Taku Oomura is an award-winning Japanese Designer who came up with an innovative idea that made his name known worldwide. He started working on a project called “Trial and Error” a while back which received praise worldwide. Oomura took companies with popular logos and transformed them into useable everyday objects. How does he do it? Simply by designing them and printing them out on his 3D printer. Let’s see what he came up with.
While some believe that the Japanese Designer created too many object holding tools, others find them unique and useful. After all, these logos were not at all designed for what he recreated them to do. Many of the logos he used belong to Japanese brands that many of us have never heard before, but even so, we can appreciate the idea and enjoy the product, if it is, indeed, useful. Today we are putting our judges masks on, and we will see which of these objects can really ease our life, and which ones are totally useless. Join us on this trip!
1. Adidas – pen holder
Although this particular design can only two pens, the individual bars that make up the logo are long enough to hold your pen perfectly in place. It’s quite a futuristic look and would look killer on an executive’s desk at Adidas Corporate office. Even if you’re just a relly big fan of the brand, this design would be easy to incorporate with many different styles at home.
Who would have thought that a simple rotation and the right placement would have turned the Bluetooth logo into a very unique bowtie? Apparently, Japanese designer Taku Oomura did.
Michael Jordan’s impressive mid-air pose makes for a great hanger. This would be the perfect gift for anyone who is a fan of basketball or the Jordan brand in general.
Even though this has the potential of a creative design, I can’t imagine, unfortunately, that many people would actually buy, or even use a paper clip like this. No hate on McDonald’s, nor on the designer, but the McDonald’s brand doesn’t exactly scream paper clip. Nor does it look fashionable.
The swoosh from Nike makes for a very convenient way of opening envelopes. Because of its sharp and pointy ends, you can slice open any letter with ease.
The curve of the edge in the Honda logo makes for the perfect shape for a bottle opener. It doesn’t look like the easiest bottle opener to manipulate, but it looks like it gets the job done.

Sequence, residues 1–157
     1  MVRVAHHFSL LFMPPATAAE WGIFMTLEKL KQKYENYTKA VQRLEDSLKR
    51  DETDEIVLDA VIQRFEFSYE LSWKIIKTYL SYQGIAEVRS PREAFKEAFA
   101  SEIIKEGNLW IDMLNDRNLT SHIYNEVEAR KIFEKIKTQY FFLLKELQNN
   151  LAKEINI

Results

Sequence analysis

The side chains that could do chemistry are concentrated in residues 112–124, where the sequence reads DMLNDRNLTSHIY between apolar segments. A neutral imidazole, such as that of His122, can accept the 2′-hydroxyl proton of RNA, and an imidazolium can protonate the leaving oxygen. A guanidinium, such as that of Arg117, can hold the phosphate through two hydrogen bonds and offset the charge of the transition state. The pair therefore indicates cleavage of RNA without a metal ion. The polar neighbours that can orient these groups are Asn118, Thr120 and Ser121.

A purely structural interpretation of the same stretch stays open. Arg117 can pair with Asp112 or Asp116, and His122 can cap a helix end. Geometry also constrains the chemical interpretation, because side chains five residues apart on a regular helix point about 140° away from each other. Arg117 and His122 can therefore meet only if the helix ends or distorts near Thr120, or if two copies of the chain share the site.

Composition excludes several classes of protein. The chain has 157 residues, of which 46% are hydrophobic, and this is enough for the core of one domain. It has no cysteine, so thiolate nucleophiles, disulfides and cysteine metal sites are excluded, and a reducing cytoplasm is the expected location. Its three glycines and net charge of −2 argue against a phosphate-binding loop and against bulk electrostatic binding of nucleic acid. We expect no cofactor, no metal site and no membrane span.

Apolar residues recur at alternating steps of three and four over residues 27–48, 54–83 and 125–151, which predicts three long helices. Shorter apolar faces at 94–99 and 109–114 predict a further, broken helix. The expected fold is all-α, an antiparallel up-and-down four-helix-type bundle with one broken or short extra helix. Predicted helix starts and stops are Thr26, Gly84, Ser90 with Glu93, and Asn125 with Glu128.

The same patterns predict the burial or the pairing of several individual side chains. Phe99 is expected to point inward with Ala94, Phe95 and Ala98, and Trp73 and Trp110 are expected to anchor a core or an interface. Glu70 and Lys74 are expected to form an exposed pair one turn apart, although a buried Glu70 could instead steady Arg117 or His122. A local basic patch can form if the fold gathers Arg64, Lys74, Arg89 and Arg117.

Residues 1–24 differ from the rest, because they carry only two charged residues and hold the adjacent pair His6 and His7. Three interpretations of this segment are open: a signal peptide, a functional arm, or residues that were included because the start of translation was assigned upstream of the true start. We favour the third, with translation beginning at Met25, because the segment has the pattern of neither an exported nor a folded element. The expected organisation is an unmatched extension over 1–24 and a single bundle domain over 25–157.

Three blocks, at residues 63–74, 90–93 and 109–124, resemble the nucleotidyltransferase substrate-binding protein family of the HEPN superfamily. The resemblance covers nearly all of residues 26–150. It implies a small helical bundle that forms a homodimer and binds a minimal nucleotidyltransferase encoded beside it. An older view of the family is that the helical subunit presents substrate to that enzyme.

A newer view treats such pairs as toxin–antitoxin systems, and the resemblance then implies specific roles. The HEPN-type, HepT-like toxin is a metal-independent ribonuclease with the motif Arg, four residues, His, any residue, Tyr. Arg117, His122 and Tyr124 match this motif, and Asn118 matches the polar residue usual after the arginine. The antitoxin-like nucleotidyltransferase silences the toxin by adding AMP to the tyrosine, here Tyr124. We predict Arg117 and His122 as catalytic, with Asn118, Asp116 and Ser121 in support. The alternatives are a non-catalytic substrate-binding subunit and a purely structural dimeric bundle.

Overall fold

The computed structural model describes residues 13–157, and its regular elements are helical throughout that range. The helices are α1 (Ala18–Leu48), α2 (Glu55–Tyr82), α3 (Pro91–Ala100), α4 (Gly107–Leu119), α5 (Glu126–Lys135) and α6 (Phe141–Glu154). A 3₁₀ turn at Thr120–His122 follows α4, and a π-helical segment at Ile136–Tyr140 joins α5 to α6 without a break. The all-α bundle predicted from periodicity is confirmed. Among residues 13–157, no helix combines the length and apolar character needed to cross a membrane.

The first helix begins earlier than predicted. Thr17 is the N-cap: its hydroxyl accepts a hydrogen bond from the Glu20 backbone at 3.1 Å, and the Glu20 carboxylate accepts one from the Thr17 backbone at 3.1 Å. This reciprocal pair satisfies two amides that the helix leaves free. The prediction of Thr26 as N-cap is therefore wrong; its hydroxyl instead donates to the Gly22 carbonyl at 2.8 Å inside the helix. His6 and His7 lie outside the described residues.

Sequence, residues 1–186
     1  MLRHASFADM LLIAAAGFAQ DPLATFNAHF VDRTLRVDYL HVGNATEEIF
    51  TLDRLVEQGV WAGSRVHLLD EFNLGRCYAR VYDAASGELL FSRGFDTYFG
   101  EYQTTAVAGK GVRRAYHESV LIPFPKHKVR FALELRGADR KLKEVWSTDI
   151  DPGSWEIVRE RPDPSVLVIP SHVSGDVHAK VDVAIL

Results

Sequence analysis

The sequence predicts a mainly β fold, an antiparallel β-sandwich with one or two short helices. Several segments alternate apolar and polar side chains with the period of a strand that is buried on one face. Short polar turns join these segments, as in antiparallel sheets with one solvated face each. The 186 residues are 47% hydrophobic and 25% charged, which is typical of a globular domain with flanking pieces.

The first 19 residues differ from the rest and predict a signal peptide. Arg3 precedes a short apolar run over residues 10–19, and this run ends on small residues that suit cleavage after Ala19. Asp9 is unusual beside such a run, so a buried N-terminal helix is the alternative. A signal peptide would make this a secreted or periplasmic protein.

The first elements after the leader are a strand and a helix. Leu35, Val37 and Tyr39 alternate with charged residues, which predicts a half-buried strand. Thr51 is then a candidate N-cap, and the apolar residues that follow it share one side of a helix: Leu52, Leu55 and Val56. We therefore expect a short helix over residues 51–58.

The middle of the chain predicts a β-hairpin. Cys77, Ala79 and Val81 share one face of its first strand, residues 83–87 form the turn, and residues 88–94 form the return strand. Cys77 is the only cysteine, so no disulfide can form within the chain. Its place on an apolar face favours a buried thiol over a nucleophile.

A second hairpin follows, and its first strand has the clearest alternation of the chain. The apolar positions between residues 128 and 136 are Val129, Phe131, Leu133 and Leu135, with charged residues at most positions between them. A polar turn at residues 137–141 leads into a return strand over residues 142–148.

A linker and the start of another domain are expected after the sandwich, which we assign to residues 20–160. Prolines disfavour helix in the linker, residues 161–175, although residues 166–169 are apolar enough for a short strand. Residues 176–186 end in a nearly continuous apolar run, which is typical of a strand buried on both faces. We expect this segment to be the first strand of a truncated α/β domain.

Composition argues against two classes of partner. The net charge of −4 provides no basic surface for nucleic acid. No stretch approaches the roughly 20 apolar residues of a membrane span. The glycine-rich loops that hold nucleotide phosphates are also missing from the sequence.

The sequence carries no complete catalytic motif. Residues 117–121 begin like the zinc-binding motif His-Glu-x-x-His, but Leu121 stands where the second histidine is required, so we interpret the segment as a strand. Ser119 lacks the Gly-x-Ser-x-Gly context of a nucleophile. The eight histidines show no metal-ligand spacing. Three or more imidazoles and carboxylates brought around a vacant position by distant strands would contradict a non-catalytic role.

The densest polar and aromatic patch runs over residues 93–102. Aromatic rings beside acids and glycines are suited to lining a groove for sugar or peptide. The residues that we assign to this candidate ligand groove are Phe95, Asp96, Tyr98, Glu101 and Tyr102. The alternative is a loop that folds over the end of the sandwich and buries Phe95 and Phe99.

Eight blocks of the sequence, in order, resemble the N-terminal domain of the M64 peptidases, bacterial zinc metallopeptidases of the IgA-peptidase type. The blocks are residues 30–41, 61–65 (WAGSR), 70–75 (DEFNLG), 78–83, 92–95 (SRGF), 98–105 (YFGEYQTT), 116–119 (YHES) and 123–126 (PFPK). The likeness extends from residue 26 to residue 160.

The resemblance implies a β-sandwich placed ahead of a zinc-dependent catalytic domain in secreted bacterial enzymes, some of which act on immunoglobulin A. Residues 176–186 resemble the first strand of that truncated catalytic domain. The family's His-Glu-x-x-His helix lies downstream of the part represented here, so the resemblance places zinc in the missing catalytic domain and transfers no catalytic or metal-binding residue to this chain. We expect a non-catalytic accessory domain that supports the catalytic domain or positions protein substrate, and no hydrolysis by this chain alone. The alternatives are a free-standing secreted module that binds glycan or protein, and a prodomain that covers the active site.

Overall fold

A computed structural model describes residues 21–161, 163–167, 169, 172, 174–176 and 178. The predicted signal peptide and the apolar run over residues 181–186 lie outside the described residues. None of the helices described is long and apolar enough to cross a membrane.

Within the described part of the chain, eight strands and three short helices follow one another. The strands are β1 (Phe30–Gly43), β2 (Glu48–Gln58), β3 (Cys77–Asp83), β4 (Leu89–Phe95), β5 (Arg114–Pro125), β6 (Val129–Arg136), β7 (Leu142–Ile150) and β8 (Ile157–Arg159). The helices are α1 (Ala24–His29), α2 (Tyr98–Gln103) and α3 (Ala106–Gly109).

Although it’s pictured as an orange peeler, the Twitter logo could probably be used for a lot of other things. Basically anytime you need something cut. It would probably be perfect for opening packages and cutting tape.
The stationary holder depicting Yahoo’s image looks rather inefficient. All it takes is mall bump and dozens of paper clips go flying. interesting in concept, but not very practical in the real world.
Unless you are a brand’s ambassador I can’t imagine that you’d wear this for a fashion statement. Nonetheless, it is pretty cool how the logo is embodied with such a simple design. It would be even cooler if the ring had more than one use.
I find it cool how you can’t tell that the tablet support embodies a logo unless you look at it from a certain angle. The design looks modern and doesn’t take up as much room as other tablet holders do.
11. Pocari Sweat
For those of you who are not familiar with this brand, Porcari Sweat is a water and ice company. The relation between the design object and the logo is carefully chosen, this being the first object that actually is connected to the product the logo represents.
12. Taisho Pharmaceutical
I honestly think that this design was far too complex for such a simple object. It’s a cool logo, though, it’s just a little over the top for a paper holder.
This is another Japanese brand that most of the non-Japanese people have never heard about. The attempt of making its logo a usable item is quite stretched. Usually, the incense stick holder have a much elegant touch than the three pieces of blue plastic, which, if you missplace them, don’t even look like the logo anymore.
Marudai is a Japanese food company featuring the given logo. We can appreciate the effort, but the usable object is not that usable, after all. A family of six would need three of those toothbrush holders, which would take way too much room.
15. Louis Vuitton
The napkin or/and little notes holder has the potential of a great gift for a person who loves the brand and works in a fancy office.
In order to unserstand why this cangoroo has so many legs, we have to know what the company is all about. Seino is a Japanese transportation company that makes itself remarkable due to its fast delivery. Thus the logo which was turned into a comb. I have to admit it, I think this is a very clever idea.
I’d like you all to comment in the section below if you know what this is and how does it work. I’m confused.
This is one of those objects that people would buy just because they are cool and innovative, and to brag about at friends.
Sometimes, bottles simply don’t open and you pass it to several people until somebody manages to break the seal. This user object will help you open the hardest to open bottles. I see how this could be a great gift for grandparents who are not as strong as they used to.
We conclude this article with the most useless “useful” object of all. A block of plastic on a plastic stick has a compromised purpose unless somebody elucidates its mistery.